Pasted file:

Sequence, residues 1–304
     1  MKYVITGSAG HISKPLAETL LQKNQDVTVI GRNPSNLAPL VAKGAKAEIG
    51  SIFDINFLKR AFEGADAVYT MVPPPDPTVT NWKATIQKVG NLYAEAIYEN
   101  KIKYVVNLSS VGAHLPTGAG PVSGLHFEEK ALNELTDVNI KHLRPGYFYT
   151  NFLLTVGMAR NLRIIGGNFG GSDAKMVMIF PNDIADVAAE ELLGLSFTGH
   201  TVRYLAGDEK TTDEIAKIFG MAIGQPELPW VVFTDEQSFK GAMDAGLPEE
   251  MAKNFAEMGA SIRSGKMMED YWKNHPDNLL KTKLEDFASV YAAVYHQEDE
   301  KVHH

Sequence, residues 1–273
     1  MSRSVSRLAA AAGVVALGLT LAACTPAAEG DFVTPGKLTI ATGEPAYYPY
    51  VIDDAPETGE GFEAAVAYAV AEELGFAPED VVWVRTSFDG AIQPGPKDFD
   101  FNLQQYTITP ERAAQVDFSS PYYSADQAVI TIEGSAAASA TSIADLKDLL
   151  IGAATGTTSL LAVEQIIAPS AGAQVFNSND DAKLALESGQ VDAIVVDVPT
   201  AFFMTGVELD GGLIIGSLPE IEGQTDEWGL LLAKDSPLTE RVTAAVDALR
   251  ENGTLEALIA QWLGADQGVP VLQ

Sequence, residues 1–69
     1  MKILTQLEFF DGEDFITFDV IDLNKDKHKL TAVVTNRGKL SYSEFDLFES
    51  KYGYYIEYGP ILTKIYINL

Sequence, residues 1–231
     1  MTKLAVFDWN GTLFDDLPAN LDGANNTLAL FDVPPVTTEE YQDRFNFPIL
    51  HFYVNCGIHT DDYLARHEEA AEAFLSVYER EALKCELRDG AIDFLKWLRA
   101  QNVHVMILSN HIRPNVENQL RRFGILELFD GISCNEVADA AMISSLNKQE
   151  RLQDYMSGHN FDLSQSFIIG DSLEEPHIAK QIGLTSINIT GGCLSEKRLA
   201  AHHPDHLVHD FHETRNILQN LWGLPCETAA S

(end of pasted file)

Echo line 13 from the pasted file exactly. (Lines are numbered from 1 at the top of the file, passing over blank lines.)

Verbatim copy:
   151  IGAATGTTSL LAVEQIIAPS AGAQVFNSND DAKLALESGQ VDAIVVDVPT